The seat bottom 82 and the bracket 89 are part of a seat base 91 that also includes a square steel post 96, which is held within one or the other of two square steel legs 100, 102 located at opposite ends of the beam. The post 96 has a vertical column of holes 97 that cooperate with one or more holes in the sides of the beam legs to permit the height of the seat to be adjusted using pins.
The leg 100 on the pull end of the exercise machine has a foot 101 at its bottom end that rests on the floor. The leg 102 on the push end of the exercise machine has a foot 103 at its bottom end that also rests on the floor. The pull end leg 100 has a bracket 131 that is connected to and supports the bottom of the beam at the pull end. The push end leg 102 supports the push end of the beam indirectly on brackets 27.
As seen in FIG. 3, the fan 12 includes a closed canister 123 (shown open in FIG. 3) comprising a cylindrical housing 122 and a lid 124. As also seen in FIGS. 4 and 5, the fan includes a rotor 127 having a cylindrical cage 129 with a number (e.g., 32) of curved fan blades 131 arranged with equal spacing around the axis of the cage. The rotor has a flange 133 to permit the rotor to be mounted on a rotating disk. The rotating disk is attached to a hub which contains the clutch and bearings. The outer diameter of the rotor could be, for example, 14 inches, and the inner diameter of the cage housing 122 could be, for example, 18 inches, leaving a cylindrical open chamber (184 in FIG. 8) about 2 inches thick for circulation of air. When the rotor is being driven by motion of the carriage, it rotates in direction 141 shown in FIG. 5.
Referring again to FIG. 3, the lid supports a set of (e.g., eight) adjustable vanes 126 arranged in a circle at equal spacing around the axis of the lid to form a stator that interacts with the rotor through air flow within the canister to generate air drag. The stator also includes a bowl-shaped air deflector 130 mounted on the lid inside the ring of vanes.
As seen in FIG. 6, each vane 126 has an air deflection surface 140 in the shape of a section of a cylinder and a base 142, which supports the air deflection surface. The base has a hole 144 that permits mounting the vane on the lid by a fitting that allows the vane to be rotated 146 around the fitting.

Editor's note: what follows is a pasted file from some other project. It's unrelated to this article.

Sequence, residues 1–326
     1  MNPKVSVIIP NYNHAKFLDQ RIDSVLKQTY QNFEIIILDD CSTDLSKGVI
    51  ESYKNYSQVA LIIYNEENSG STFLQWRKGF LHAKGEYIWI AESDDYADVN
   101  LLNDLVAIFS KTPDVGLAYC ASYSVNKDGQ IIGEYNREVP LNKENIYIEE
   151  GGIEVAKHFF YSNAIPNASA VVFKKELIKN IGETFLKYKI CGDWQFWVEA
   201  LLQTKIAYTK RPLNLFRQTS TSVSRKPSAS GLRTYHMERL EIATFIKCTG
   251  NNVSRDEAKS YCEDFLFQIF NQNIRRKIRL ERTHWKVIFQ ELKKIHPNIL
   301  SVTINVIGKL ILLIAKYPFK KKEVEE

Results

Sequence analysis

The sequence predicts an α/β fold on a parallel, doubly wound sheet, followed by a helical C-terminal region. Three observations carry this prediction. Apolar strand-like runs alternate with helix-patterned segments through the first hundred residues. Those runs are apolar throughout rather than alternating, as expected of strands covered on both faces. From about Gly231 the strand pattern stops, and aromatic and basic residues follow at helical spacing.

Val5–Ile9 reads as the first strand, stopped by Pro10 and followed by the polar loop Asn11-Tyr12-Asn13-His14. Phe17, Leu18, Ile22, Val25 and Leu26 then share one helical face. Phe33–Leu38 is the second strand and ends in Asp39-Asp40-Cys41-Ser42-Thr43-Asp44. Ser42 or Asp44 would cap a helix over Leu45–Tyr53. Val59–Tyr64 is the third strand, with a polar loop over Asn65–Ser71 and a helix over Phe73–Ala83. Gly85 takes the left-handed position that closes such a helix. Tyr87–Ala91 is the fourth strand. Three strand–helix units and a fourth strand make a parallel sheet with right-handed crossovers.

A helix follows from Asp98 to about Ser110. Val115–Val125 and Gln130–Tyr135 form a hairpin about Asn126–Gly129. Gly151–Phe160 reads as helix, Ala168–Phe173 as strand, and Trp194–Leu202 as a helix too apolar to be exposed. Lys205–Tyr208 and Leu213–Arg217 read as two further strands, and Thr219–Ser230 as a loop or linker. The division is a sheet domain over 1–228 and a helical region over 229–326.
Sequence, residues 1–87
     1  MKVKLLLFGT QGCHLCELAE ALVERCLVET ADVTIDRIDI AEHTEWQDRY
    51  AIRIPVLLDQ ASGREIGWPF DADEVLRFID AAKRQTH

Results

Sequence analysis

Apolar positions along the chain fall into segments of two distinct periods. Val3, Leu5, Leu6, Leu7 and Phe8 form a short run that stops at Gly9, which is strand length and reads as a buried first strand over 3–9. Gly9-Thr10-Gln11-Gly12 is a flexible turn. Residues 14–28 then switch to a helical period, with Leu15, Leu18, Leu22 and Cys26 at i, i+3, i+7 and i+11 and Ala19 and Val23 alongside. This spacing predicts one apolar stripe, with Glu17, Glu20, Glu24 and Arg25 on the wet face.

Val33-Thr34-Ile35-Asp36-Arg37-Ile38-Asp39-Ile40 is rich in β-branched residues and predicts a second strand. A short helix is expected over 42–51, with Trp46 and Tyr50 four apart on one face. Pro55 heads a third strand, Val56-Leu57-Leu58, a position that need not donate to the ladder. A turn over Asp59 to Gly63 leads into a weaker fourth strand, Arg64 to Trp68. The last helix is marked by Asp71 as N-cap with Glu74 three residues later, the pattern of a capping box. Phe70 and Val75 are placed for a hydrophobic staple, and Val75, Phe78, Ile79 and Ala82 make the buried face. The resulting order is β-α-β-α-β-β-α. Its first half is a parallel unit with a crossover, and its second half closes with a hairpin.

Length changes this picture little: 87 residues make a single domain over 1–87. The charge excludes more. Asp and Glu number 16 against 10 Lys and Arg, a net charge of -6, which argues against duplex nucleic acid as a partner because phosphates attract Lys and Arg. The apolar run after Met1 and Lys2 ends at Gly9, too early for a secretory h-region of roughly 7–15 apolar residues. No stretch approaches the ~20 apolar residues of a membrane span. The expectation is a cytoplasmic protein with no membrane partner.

As seen in FIG. 7, on the outside of the lid, each vane has a positioning lever 158 that allows a user to turn the vane to a desired angular position to control the amount of air resistance generated by the fan.
The vane fitting resists rotation so that the user can adjust the vane by hand, and the vane will not shift from its adjusted position until adjusted again.
Referring again to FIG. 6, each vane can be adjusted from a fully closed position 148 to a fully open position 150. In the fully closed position, the tip 151 of the vane almost touches the other end 152 of the next vane 153 of the ring. In the fully open position, the tip of the vane touches the inner wall of the canister housing when the canister is closed. the
As shown in FIGS. 8 and 9, the housing 122 is deeper 180 than the height of the rotor. The remaining space accommodates the stator when the canister is closed. The stator is about the same height as the rotor.
The vanes of the stator can be adjusted between two extreme configurations. At one extreme, shown in FIG. 8, all stator vanes are turned to the closed positions. This effectively divides the outer end of the canister into two chambers, a round central chamber 60 surrounded by a cylindrical outer chamber 62, with only a small amount of leakage (182 in FIG. 6) allowing air to flow between them. The outer chamber 62 is essentially an extension of the chamber that surrounds the rotor.
In the other extreme configuration, all vanes are open. The tips of all of the vanes touch the inner wall of the canister, effectively eliminating the outer cylindrical chamber 62.
Although the exact details of the airflow within the canister are not known, it is believed that the following considerations apply.